As to the comparative immunity of Britain and the USA. Whatever the pacifists etc. may say, we have not gone totalitarian yet and this is a very hopeful symptom. I believe very deeply, as I explained in my book The Lion and the Unicorn, in the English people and in their capacity to centralise their economy without destroying freedom in doing so. But one must remember that Britain and the USA haven’t been really tried, they haven’t known defeat or severe suffering, and there are some bad symptoms to balance the good ones. To begin with there is the general indifference to the decay of democracy. Do you realise, for instance, that no one in England under 26 now has a vote and that so far as one can see the great mass of people of that age don’t give a damn for this? Secondly there is the fact that the intellectuals are more totalitarian in outlook than the common people. On the whole the English intelligentsia have opposed Hitler, but only at the price of accepting Stalin. Most of them are perfectly ready for dictatorial methods, secret police, systematic falsification of history etc. so long as they feel that it is on ‘our’ side. Indeed the statement that we haven’t a Fascist movement in England largely means that the young, at this moment, look for their fuhrer elsewhere. One can’t be sure that that won’t change, nor can one be sure that the common people won’t think ten years hence as the intellectuals do now. I hope they won’t, I even trust they won’t, but if so it will be at the cost of a struggle. If one simply proclaims that all is for the best and doesn’t point to the sinister symptoms, one is merely helping to bring totalitarianism nearer.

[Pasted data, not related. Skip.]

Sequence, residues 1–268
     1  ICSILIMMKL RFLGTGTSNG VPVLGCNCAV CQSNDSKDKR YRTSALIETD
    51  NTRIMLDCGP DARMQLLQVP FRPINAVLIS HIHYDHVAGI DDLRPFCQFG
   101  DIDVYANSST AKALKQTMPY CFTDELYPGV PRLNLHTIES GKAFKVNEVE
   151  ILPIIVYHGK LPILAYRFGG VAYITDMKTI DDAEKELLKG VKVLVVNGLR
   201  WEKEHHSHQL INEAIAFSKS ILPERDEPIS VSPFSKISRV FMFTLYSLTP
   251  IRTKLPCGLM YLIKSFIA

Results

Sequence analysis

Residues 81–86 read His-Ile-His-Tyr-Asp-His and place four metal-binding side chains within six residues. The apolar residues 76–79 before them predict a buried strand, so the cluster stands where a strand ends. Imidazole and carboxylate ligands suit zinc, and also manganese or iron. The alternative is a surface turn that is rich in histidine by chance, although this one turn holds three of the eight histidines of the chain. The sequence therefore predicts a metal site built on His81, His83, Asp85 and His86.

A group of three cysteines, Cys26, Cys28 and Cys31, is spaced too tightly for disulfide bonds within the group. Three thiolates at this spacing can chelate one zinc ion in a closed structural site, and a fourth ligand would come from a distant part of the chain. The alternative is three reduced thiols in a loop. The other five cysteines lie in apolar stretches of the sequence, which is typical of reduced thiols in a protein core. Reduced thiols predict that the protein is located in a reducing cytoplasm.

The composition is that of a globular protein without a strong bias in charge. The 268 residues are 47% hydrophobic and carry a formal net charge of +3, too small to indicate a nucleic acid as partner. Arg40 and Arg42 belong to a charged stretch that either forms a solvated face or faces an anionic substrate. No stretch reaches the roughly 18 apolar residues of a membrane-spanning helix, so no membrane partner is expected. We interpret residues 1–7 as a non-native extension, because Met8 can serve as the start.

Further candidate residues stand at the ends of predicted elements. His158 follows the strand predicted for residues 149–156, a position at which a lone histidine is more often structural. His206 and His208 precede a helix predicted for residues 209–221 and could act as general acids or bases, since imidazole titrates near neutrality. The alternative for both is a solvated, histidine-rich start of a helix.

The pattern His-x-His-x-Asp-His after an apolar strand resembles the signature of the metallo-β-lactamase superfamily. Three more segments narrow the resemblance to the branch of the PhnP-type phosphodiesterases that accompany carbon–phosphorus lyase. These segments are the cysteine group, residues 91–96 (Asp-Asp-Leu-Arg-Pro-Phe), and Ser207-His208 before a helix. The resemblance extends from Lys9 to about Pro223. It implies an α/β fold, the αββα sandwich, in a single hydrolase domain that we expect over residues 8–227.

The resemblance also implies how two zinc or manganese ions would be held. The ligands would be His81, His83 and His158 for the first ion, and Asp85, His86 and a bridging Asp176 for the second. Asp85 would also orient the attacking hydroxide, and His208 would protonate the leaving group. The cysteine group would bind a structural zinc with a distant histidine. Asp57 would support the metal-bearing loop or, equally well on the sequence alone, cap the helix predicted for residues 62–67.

You also ask, if I think the world tendency is towards Fascism, why do I support the war. It is a choice of evils—I fancy nearly every war is that. I know enough of British imperialism not to like it, but I would support it against Nazism or Japanese imperialism, as the lesser evil. Similarly I would support the USSR against Germany because I think the USSR cannot altogether escape its past and retains enough of the original ideas of the Revolution to make it a more hopeful phenomenon than Nazi Germany. I think, and have thought ever since the war began, in 1936 or thereabouts, that our cause is the better, but we have to keep on making it the better, which involves constant criticism.

Yours sincerely,
Geo. Orwell
[Source]